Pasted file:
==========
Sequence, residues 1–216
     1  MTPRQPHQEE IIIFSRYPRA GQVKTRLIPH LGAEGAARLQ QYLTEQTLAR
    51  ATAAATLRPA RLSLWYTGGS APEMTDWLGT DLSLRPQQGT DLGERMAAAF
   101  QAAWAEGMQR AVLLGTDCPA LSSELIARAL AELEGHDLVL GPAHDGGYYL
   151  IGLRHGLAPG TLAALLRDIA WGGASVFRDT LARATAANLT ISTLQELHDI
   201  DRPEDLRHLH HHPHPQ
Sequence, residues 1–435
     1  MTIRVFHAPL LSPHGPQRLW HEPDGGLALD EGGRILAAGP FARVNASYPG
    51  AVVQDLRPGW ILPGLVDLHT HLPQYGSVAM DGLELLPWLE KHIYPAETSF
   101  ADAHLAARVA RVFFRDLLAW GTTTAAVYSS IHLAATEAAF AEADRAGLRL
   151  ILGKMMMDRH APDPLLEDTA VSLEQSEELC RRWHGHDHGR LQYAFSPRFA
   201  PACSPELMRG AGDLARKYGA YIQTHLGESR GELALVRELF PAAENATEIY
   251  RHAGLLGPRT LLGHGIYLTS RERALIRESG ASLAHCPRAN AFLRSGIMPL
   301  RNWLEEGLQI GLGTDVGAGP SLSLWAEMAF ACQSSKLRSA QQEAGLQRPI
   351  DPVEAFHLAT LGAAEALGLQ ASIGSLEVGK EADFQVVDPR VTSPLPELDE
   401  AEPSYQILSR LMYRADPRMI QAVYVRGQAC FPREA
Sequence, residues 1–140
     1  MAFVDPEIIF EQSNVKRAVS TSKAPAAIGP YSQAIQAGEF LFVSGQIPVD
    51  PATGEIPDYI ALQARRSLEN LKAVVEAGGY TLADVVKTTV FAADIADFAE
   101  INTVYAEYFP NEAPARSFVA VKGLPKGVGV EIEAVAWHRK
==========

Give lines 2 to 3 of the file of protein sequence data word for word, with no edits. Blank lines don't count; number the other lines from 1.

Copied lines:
     1  MTPRQPHQEE IIIFSRYPRA GQVKTRLIPH LGAEGAARLQ QYLTEQTLAR
    51  ATAAATLRPA RLSLWYTGGS APEMTDWLGT DLSLRPQQGT DLGERMAAAF